Are You Doping For Accuracy!

Doping The Wind‘ to some is a dark art; a thing of bleached chicken bones and voodoo.  To those who have studied the wind over their many years while shooting on the prairies, in the mountains and on good old fashioned rifle ranges then it aint the boogie man that it’s made out to be.

The intricacies of ‘Doping The Wind‘ stretch beyond the scope ‘pun intended‘ of this article but I hope to give some insight into where the term came from and how to begin developing your skill of ‘Wind Doping’.

Awaken the dynamic shooter inside you, no matter if you are involved in competitive Bench-Rest, Silhouette or Hunting.  Having the ability to read and predict both the speed and direction of a wind is a valuable item to pull from the ‘doping bag’ when needed.  It may make the difference between a record 5 shot group, a tumbling Ram at 500Meters or that prized stag on the mountain ledge.

Who Coined The Phrase!

I asked myself the questions of where did the term ‘Doping The Wind’ come from, when was it first used and is ‘Kentucky Windage’ just another name?  So I wrote to the National Firearms Museum, Virginia, USA and I received the following response.

Doug Wicklund, National Firearms Museum (2011) e-mail to Matthew Canning, 25 January.

Thank you for your inquiry to the National Firearms Museum.

Doping the wind is an old shooter’s term. The carrying case any older competitive shooter would take to the range was called a dope bag and would be filled with all the necessary items for the firing line. Knowing which way a wind was blowing (and how fast) was an esoteric skill that the old time shooters seemed to be able to pull out of their dope bag when needed.

Old Sea Girt and Camp Perry range stories will sometimes refer to individuals that religiously noted the amount of windage under certain conditions, jotting this information down in a book kept in their dope bags.

We found mention of the term “dope bag” also in use with shooters dating back to before the American Civil War, so this is definitely something that has been around for a while.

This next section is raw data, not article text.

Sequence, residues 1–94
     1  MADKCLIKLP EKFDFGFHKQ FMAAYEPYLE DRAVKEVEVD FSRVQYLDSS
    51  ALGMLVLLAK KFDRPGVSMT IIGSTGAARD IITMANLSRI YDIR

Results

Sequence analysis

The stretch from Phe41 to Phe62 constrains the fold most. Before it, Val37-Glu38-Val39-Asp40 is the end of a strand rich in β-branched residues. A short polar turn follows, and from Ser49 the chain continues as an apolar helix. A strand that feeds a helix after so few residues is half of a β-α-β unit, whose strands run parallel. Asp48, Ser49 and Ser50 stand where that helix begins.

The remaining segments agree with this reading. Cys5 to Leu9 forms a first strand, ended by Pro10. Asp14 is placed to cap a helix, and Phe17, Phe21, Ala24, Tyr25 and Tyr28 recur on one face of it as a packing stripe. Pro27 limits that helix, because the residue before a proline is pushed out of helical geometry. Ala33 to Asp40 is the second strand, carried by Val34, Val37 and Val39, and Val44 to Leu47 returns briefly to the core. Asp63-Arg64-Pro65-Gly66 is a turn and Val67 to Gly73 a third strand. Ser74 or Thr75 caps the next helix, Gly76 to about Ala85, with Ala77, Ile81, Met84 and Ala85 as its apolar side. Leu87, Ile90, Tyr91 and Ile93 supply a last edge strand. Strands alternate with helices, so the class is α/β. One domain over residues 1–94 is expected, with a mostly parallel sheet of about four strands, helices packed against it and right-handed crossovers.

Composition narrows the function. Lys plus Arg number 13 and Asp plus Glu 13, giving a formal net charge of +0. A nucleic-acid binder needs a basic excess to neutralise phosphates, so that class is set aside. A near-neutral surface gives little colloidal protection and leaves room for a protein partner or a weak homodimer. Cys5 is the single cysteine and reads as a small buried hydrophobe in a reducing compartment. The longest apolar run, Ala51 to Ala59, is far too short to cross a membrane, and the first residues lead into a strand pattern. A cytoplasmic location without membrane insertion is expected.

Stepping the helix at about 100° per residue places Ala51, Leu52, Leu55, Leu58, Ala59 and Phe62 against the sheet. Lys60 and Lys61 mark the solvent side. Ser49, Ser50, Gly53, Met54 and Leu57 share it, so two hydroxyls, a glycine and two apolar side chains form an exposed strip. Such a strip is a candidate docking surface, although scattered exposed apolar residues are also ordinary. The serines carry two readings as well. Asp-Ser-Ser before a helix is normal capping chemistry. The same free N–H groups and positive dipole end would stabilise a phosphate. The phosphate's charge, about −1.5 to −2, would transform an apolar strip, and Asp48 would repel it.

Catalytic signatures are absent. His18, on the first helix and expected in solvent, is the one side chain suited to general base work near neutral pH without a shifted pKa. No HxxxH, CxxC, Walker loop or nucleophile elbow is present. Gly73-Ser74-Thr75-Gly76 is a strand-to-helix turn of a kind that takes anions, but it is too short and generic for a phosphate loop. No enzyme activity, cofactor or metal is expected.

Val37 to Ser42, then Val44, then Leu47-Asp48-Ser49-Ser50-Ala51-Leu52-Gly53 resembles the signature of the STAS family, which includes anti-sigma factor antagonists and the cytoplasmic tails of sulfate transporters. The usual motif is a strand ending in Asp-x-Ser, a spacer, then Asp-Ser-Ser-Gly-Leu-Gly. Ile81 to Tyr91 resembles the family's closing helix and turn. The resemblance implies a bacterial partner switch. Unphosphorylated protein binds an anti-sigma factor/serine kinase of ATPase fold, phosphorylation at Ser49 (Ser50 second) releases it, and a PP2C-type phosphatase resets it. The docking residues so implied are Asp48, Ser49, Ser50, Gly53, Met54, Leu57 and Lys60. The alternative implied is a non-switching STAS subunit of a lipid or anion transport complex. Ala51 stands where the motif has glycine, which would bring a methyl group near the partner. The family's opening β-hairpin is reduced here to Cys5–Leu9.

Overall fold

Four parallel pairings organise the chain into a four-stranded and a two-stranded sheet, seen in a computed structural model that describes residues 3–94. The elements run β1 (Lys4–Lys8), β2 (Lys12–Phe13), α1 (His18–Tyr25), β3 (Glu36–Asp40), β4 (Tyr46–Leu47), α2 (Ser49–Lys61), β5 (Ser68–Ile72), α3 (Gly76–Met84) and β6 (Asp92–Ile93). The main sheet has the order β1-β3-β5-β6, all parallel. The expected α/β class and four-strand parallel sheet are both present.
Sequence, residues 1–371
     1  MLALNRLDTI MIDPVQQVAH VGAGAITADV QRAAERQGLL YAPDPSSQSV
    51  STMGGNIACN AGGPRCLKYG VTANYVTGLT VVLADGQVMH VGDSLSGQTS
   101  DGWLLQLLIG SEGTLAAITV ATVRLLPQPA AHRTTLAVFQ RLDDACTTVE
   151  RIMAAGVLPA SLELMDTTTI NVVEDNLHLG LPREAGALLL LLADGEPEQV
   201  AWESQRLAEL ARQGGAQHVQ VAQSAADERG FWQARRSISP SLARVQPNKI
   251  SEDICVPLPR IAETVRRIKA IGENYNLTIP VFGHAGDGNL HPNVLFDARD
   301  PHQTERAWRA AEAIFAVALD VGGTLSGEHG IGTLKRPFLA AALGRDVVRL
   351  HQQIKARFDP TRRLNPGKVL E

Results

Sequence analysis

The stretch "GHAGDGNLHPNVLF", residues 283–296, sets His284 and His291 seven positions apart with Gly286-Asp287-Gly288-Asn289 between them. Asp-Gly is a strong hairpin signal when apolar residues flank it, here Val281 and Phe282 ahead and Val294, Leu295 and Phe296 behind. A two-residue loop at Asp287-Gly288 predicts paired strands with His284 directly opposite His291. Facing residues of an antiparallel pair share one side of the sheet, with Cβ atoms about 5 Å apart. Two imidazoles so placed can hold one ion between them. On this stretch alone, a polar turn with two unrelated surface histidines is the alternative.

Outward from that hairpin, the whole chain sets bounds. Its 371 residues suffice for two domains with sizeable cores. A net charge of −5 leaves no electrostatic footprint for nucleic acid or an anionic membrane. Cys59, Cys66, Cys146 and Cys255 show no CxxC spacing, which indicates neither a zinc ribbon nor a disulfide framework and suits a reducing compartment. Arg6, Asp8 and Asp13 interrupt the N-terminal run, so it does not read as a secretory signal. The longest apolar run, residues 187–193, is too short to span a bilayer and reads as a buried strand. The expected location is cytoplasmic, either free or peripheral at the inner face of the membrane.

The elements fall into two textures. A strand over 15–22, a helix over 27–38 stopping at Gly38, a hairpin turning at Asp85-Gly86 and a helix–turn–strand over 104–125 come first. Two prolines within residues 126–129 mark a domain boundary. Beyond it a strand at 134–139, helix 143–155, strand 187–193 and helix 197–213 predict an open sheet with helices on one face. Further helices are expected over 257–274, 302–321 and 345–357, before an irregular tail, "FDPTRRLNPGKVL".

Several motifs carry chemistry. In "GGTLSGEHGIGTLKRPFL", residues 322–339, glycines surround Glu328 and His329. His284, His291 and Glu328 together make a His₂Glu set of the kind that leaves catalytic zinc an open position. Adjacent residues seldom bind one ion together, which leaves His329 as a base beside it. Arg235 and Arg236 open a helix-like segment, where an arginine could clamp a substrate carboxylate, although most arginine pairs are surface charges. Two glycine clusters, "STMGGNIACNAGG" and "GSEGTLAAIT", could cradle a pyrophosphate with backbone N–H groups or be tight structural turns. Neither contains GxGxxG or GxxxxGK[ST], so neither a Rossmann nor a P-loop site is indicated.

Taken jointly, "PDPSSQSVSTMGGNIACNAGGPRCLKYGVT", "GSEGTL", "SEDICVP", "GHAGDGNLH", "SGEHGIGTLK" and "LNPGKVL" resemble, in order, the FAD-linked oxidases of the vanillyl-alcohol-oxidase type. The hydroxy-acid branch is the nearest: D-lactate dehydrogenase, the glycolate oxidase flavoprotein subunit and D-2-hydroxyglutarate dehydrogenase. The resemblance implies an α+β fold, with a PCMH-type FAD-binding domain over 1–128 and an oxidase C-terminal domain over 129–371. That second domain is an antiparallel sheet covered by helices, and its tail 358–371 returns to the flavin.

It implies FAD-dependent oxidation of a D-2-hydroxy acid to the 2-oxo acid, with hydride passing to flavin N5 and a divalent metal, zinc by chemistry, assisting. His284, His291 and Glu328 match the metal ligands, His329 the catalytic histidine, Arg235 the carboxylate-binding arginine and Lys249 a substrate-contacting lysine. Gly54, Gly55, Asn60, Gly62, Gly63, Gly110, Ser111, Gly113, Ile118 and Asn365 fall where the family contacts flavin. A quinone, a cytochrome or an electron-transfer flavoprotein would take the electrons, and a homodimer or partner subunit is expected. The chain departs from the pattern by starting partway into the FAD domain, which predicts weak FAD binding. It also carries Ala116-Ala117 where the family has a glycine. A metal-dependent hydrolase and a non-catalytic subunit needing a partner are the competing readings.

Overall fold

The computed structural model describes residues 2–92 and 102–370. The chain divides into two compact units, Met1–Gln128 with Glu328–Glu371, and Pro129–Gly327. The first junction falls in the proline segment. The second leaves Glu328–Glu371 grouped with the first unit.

Kentucky windage was a term that came out of older flintlock and percussion rifle competitions, where shooters with fixed rifle sights had to allow a certain hold-off to one side or the other to hit a target under certain conditions.  Many of these competitions with these rifles were held in mountainous regions of Virginia, Kentucky, Tennessee and the Carolinas, but the Kentucky shooters had the best PR agency, I guess.

How Can I Begin To Study The Wind!

Essential tips that I have picked up from my own experience and that of fellow shooters to help develop skills in Wind Doping are listed below.  This list is by no means exhaustive so feel free to comment on additional tips and skills as it would benefit the author and everyone else reading this article.

Wind Flags & Electronic Devices:

Wind Flags come in all shapes, sizes and different weights for light to high winds located at different distances.  Flags can be home made or bought from a manufacturer.  Electronic wind meters or downloadable smart phone applications can give good feedback on wind speed and direction but only at the point where you take the sample.


An experienced second pair off eyes with a spotting scope can give good feedback on distances that stretch beyond 100M.

Wind Charts:

These can either be taken from a computer ballistics program or self made depending on the experience and ability of the chart creator.

Nature Watching:

Watch what direction the grass, dust, trees or sand blows or bends within your shooting distance.

Other Shooters:

Watch other shooters and how they react and adjust to wind conditions especially at the Bench-Rest events.

Words of Wisdom

I have read shooting publications on-line and from the bookshelf. Rather than regurgitate that information in this article, I will list some on-line resources that I found of interest regarding this topic and ‘mirage‘.  Mirage is also something shooters from a not so hot area tend to forget about but it’s always there waiting to tell its tale.

Wind Flags In Use


Shooting Illustrated –

Doping the Wind, Part II By Steve Adelmann

Precision Marksmanship –

Doping the Wind Isn’t that Hard -By Dave Morelli

Shooting in the Wind

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